Defining Optimal Brain Health in Adults
- Gorelick PB, Furie KL, Iadecola C, et al.
- Defining Optimal Brain Health in Adults: A Presidential Advisory From the American Heart Association/American Stroke Association. Stroke 2017;Sep 7:[Epub ahead of print].
The following are key points to remember about this Presidential Advisory from the American Heart Association (AHA)/American Stroke Association on defining optimal brain health in adults:
- As life expectancy increases in developed countries and some emerging economies, the prevalence of cognitive impairment and dementia is likely to increase. There is a need for strategies to prevent cognitive impairment and delay cognitive decline to benefit individuals, families, healthcare systems, and society.
- Cardiovascular risk factors are associated with cognitive impairment and dementia. Many cardiovascular risk factors are modifiable, and by controlling these factors, it may be possible to maintain brain health and prevent dementia in later life. Randomized controlled trial evidence about preventing cognitive decline and dementia is incomplete; however, observational epidemiological evidence is substantially in favor of modifying key cardiovascular risks.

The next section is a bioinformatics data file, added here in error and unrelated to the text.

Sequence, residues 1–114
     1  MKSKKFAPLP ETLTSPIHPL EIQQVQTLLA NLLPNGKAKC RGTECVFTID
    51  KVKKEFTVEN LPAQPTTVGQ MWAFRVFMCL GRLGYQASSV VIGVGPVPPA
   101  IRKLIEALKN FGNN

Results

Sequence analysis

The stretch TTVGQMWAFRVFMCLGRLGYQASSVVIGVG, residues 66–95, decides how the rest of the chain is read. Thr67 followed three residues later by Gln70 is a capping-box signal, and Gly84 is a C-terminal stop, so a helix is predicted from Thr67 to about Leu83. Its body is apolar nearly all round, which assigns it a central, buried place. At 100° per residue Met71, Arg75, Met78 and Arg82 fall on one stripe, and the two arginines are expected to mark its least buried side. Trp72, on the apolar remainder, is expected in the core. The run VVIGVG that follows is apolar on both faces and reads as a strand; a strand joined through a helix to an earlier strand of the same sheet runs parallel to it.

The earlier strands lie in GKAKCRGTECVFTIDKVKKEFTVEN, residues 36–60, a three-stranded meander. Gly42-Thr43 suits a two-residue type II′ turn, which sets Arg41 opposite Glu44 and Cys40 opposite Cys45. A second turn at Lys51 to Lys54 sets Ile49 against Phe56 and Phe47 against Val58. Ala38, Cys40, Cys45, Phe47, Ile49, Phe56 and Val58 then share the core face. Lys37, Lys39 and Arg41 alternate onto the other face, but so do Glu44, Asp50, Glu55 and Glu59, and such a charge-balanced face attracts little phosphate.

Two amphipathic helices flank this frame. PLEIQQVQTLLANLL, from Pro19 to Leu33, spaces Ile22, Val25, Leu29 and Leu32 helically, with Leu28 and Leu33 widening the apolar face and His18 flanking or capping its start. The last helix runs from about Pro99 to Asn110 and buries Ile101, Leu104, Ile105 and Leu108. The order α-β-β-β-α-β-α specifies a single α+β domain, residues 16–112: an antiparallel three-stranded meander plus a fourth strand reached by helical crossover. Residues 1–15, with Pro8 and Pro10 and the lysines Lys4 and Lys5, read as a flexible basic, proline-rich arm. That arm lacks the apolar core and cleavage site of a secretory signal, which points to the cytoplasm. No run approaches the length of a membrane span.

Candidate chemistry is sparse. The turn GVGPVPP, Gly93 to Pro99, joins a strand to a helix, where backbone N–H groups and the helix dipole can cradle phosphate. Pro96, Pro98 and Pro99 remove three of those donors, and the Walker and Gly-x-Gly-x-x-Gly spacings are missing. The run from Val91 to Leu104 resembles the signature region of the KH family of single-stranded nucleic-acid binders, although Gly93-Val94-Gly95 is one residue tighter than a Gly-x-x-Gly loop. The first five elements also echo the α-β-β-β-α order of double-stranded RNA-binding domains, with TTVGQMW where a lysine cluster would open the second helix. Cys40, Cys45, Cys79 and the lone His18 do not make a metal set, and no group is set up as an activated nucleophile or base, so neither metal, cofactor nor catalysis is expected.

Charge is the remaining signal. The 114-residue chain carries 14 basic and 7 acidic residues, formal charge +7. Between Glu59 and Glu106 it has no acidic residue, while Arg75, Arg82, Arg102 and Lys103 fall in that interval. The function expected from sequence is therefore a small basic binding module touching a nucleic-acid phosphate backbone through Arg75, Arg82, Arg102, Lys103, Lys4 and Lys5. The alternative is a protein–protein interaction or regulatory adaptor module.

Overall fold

- The advisory group defined optimal brain health as the preserved capacity to “think, move, and feel,” encompassing the ability to pay attention, perceive, and recognize sensory input; to learn and remember; to communicate; to problem solve and make decisions; to have mobility; and to regulate emotional status.
- The advisory group selected seven modifiable factors (based on AHA’s Life’s Simple 7) to be used as metrics to define optimal brain health in adults: nonsmoking, goal physical activity, healthy diet, body mass index <25 kg/m2, untreated blood pressure <120/<80 mm Hg, untreated cholesterol <200 mg/dl, and fasting blood glucose <100 mg/dl.
- Additional studies are needed to test the influence of these seven factors among different racial and ethnic groups, men and women, and people from different age groups.
- In addition, the advisory group designated two primary outcomes – stroke and dementia – and two secondary outcomes – transient ischemic attack and subjective or mild cognitive impairment – for brain health monitoring.
- Future areas for study could include intrauterine, early-life, and childhood exposures affecting later-life cognition.
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